Expert tips by Jan Jones (Early Childhood Educator)
The first step to guiding children’s behaviour is understanding what is behind the unwanted behaviour. (see STAR charts in Behaviour article)
- When behaviour is occurring as a result of difficulties encountered in your child’s physical environment or through discomfort or pain, then steps must be taken to address these physical problems, as behavioural strategies will not be effective.
- When behaviour is occurring as a result of past or current learning being no longer appropriate, new responses will need to be taught.
Managing difficult behaviours:
- Give positive instructions: tell your children what to do rather than what not to do; for example, instead of saying “Don’t run”, say “Take small steps on the wet tiles.”
- Convey your instructions clearly and calmly: before giving your instruction make eye contact, and ensure you have your child’s attention. Use a quiet voice rather than shouting out the instruction.
When initial instructions are not working
- Change the demands: with the exception of strategies related to safety, if children are not responding to demands, consider simplifying them, or using different words.
- Avoid escalating confrontations (do something different)
- Work as a team: let other people who care for your child on a regular basis, such as childcare workers or grandparents, know what strategies you are using.
Teaching children social skills:
Increasing evidence suggests that an effective approach for addressing difficult behaviour is to teach children social skills and promote their emotional development. Benefits to promoting your child’s social and emotional skills include:
- Explains growing up
- Helps teach adaptive thinking
- Helps children regain emotional control
- Promotes future time away for parents
Common behaviours related to emotional development are Tantrums, Separation Problems, Hurting Others and Sharing.
Tantrums: All children will at some stage have tantrums. Tantrums are often very active and include crying, screaming and yelling, stamping feet, rolling around on the floor and can involve children holding their breath. Tantrums occur when children lose control of their emotions. Parents can help children learn how to manage their emotions.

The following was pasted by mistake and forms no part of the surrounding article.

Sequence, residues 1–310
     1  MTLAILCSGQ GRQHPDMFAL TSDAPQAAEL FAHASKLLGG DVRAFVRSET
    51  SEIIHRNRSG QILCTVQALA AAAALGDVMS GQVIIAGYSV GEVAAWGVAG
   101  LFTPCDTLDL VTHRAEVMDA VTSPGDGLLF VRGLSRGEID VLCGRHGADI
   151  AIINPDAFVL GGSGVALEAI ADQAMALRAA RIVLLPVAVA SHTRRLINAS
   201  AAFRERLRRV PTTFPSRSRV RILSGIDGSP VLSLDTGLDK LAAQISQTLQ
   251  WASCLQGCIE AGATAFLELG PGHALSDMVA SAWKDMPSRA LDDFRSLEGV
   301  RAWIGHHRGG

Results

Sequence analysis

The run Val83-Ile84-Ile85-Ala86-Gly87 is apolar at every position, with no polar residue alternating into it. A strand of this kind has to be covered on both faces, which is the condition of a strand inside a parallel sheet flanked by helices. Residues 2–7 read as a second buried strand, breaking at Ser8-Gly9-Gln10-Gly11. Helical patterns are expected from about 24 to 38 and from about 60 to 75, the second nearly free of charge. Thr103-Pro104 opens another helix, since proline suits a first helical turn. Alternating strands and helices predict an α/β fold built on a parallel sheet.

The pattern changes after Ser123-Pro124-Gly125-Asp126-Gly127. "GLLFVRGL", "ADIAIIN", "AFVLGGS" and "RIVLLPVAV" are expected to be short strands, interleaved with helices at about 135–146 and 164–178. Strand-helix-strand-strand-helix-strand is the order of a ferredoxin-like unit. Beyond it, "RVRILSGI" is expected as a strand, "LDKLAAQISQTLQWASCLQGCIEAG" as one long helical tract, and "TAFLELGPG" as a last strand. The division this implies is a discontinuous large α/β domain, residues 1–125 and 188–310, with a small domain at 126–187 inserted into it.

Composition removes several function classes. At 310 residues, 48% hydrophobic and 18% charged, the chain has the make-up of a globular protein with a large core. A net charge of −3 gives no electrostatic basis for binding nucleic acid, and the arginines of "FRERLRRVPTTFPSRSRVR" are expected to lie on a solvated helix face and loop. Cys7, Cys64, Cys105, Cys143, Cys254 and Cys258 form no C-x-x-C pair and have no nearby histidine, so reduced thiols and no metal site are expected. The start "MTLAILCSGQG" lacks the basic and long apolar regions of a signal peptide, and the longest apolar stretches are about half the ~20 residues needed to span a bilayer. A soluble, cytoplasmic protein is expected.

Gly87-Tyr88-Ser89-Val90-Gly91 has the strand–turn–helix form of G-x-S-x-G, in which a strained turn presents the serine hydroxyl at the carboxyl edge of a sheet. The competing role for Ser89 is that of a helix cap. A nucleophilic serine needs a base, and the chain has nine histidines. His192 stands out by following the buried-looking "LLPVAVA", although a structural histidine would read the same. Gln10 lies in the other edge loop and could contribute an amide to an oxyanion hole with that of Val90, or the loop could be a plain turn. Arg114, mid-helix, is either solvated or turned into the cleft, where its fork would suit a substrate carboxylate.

Separation Problems: All parents and children learn to cope with temporary separations from each other. Parents and children can benefit from the time spent with other people. Separation problems can involve fretting, crying, screaming or clinging to caregiver. Most children at some stage will experience separation problems. As your child gets older and learns that you always come back to them, they will learn how to separate calmly from you.
Hurting others: Children sometimes hurt others: this could include biting, scratching, hitting or hair pulling. The reason for this behaviour needs to be determined before this behaviour can be altered. For example, hurting others usually gets a big reaction, is this rewarding your child? Has your child lost control? Is your child frustrated?
Sharing: Learning to share is an important part of growing up. Children under 5 years of age are naturally egocentric (think mainly of themself) and sharing is a difficult concept to learn. Try putting yourself in their shoes. If you had a new car and a neighbour wanted to borrow it, would you be willing to share? Children need lots of practice in order to manage sharing. Setting up scenarios where children have to share can help them to understand this concept eg. tea parties with one teapot and several cups, several toy cars and one petrol pump.
Some behaviour strategies:
Modelling: All children learn from watching adults. Parents have a key role in demonstrating appropriate behaviours and interactions. Children learn what is acceptable and preferred behaviour through copying what their parents do or say, for example, children may learn how to share through parents sharing something with them such as a snack, or through them being given a turn at something the adult is doing.